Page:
DHS looks to invest in digital credentialing

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The department’s Silicon Valley Innovation Program issued a new solicitation looking for privacy-preserving digital credential wallets and verifiers.

The Department of Homeland Security’s Silicon Valley Innovation Program — a part of the agency’s research arm that invests in tech startups with government applications — is looking for digital credentialing solutions for DHS components like Customers and Border Protection.

Specifically, the program is seeking privacy-preserving solutions for digital wallets and mobile verifiers that work with existing standards for verifiable credentials set by the World-Wide Web Consortium, the agency said in an announcement earlier this month.

Companies that participate are eligible for up to $1.7 million to develop and then adapt their tech for homeland security use cases.

“DHS operational components are globally authoritative issuers and verifiers of identifiers, licenses, entitlements, attestations and certifications, a.k.a. credentials, for a variety of purposes,” the solicitation reads, “including immigration, residency status, employment eligibility, travel, training, education, affiliation, benefits delivery, organizational identity and supply chain security.”

The forthcoming investments are meant to “catalyze, develop, enhance and operationalize a set of privacy preserving building blocks that can support the needs of a privacy preserving digital credentialing ecosystem,” it reads.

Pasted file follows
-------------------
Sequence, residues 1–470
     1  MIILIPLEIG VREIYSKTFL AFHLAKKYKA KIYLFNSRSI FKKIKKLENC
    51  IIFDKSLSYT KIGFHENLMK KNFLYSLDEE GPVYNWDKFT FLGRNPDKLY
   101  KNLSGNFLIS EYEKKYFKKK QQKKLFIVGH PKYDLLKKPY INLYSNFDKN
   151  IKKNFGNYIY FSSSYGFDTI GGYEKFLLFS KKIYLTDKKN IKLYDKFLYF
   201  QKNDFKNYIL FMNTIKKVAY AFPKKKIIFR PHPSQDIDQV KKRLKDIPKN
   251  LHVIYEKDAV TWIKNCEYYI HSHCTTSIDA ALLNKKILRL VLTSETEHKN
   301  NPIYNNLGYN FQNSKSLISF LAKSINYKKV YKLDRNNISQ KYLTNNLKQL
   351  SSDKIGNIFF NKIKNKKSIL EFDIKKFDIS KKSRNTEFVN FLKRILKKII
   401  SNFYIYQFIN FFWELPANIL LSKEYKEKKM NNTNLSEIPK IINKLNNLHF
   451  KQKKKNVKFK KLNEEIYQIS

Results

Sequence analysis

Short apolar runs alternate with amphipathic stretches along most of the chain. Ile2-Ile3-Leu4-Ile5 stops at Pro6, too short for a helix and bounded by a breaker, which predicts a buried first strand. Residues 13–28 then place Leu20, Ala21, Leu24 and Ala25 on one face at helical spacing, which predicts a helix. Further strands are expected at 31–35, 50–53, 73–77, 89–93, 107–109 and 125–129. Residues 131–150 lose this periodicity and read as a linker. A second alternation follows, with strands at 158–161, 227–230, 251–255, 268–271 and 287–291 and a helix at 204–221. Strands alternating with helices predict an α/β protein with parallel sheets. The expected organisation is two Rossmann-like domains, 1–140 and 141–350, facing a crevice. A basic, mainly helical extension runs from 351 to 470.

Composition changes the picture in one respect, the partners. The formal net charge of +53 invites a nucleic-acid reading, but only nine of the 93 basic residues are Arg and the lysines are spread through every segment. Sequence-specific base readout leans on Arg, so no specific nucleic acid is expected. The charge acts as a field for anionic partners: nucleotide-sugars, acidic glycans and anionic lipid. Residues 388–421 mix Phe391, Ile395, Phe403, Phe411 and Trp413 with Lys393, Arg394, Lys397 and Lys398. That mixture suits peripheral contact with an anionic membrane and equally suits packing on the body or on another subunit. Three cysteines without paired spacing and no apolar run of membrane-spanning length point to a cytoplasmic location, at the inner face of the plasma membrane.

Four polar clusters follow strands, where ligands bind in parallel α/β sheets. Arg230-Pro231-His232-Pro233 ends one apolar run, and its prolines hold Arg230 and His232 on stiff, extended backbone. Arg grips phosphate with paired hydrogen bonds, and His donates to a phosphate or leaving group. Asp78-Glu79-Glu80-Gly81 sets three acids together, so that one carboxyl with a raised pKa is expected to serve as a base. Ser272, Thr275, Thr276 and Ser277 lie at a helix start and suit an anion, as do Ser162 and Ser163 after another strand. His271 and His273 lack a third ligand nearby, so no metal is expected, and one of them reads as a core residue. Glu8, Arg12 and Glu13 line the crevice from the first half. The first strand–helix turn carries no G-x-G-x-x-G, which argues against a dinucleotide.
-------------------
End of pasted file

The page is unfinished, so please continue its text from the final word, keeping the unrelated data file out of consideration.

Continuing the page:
DHS gives a few examples of how the tech might be used. 

U.S. Citizenship and Immigration Services, for example, could issue immigration credentials digitally on the CBP One mobile app, which is already being used for migrants seeking asylum to schedule appointments before arriving at ports of entry.

The agency could also issue such credentials to other digital wallets that follow DHS requirements, like those set up by state or other governments. 

Another potential use case is verifying such credentials in-person and online, such as when travelers and U.S. citizens enter the country. 

According to the solicitation, one benefit of privacy-preserving digital wallets and verifiers is informed consent and selective disclosure — meaning that individuals can choose to selectively share only the necessary information for a given interaction, like verifying age to buy alcohol.

In a statement, the innovation program’s managing director, Melissa Oh, said that “preserving the privacy of individuals as they use digital wallets to store their credentials is deeply important in ensuring the secure, confidential nature of their digital interactions in an increasingly interconnected world.”

Greater use of digital credentialing technologies could  “in the long term, minimize the use of biometric matching technologies for identity verification,” the solicitation reads. Biometrics like facial recognition have been contested tools for digital identity verification and subject to questions about bias across race, skin tone and gender.

This isn’t the innovation program’s first time investing in digital credentials. It’s previously made other awards to companies working on credential management and verification.

DHS will hold an industry day for those interested on August 18, and companies have until Sept. 15 to apply for the solicitation.